“It was 3am. I was back in my hotel room after spending hours of making poor choices and drawing deeper into my sexual shame. I had a business meeting scheduled within a few hours. Still I couldn’t sleep. My mind was filled with sex scenes and the creeping sense of regret that always followed my sexual craving.
First, I started out as usual by looking at porn in my hotel room, an expense that sometimes would show up on my hotel bill. Then, I went to a strip club where I paid for countless pricy drinks and lap dances. Eventually, fully intoxicated, I headed back to my hotel room alone, but first, I went for my shame coup de graçe and paid for sex with a street prostitute.
The house of cards I had built was falling apart and I was falling apart. Why couldn’t I control myself? I kept telling myself over and over that I wouldn’t behave this way again. Yet here I was, engaging in humiliating and risky behaviors that only made me feel awful about myself.
At first I thought that I just shouldn’t drink anymore. If only my problem was alcohol and not sex but, it was becoming clear to me that sex was my drug of choice. I was on my way to losing much more before I came to see that I was addicted to sex and I was out of control. It was only then that I sought help.”
In health, we learn to appreciate the gifts of even difficult feelings, remain connected to our bodies, and find comfort in intimate relationships. Sex addicts, however, live life detached from their feelings, disconnected from their bodies, and isolated from intimate relationships.
For sex addicts, sex is a “fix” for virtually any problem. It is an association, developed in the brain during an extended period of time to bridge the abyss between their ongoing problems of stress, fear, boredom, pain, or shame, and a perceived solution (sex or arousal).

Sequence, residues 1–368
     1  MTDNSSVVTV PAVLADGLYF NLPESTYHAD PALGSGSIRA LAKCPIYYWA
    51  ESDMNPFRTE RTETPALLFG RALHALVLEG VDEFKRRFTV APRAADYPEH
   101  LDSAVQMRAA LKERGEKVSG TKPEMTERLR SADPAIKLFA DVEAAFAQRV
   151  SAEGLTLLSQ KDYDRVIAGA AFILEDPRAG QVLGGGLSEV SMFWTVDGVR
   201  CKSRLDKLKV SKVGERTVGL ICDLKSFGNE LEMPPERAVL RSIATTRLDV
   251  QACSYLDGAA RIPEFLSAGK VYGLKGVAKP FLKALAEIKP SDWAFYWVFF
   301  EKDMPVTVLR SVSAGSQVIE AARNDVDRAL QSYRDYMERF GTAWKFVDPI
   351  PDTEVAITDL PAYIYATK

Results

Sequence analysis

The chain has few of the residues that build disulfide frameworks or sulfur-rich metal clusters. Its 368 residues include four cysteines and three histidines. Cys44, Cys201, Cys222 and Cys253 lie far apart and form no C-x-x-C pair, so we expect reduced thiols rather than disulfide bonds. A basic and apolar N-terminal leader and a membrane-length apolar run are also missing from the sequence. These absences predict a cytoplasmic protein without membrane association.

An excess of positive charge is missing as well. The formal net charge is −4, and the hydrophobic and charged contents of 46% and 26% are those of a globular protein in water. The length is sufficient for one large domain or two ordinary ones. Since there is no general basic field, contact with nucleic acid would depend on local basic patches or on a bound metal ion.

The longer and more frequently they use sex as the solution to a perceived problem, the deeper a neural pathway gets grooved in the brain. A neural pathway is like a rut that starts as a subtle craving in response to stress and becomes a powerful, often subconcious need.
To make matters worse, the sex addict’s brain gets increasingly over-sensitized to stress problems and requires more and more intensity and arousal to satisfy more frequent needs. Their brain literally misperceives even slightly stressful events as significant ones that require a “fix.”
Picture the alcoholic who after a stressful day at the office proclaims, “I really need a drink!” Now, substitute sex for alcohol and you get the picture. What was once a “fix” or an escape from stress begins to control the addict. It’s at this point that the solution of sex has become the problem of sex addiction.
Prostitutes, sexual massage, and porn!
Sex addicts “act out” with pornography, affairs, sexual massage, anonymous sex, or other behaviors. It’s all about arousal. It’s all about a sex “fix.”
The sex addict’s behavioral choices matter just as little as the alcoholic’s choice whether to drink whiskey or beer. Both get you drunk!
Do you use sex…
- To “fix” boredom with excitement and intensity?
- To feel alive?
- To get a thrill?
- To “fix” feelings and escape the moment?
- To check out for a while? To “fix” anxiety?
- To relax?
- To help you sleep?
- To calm your nerves?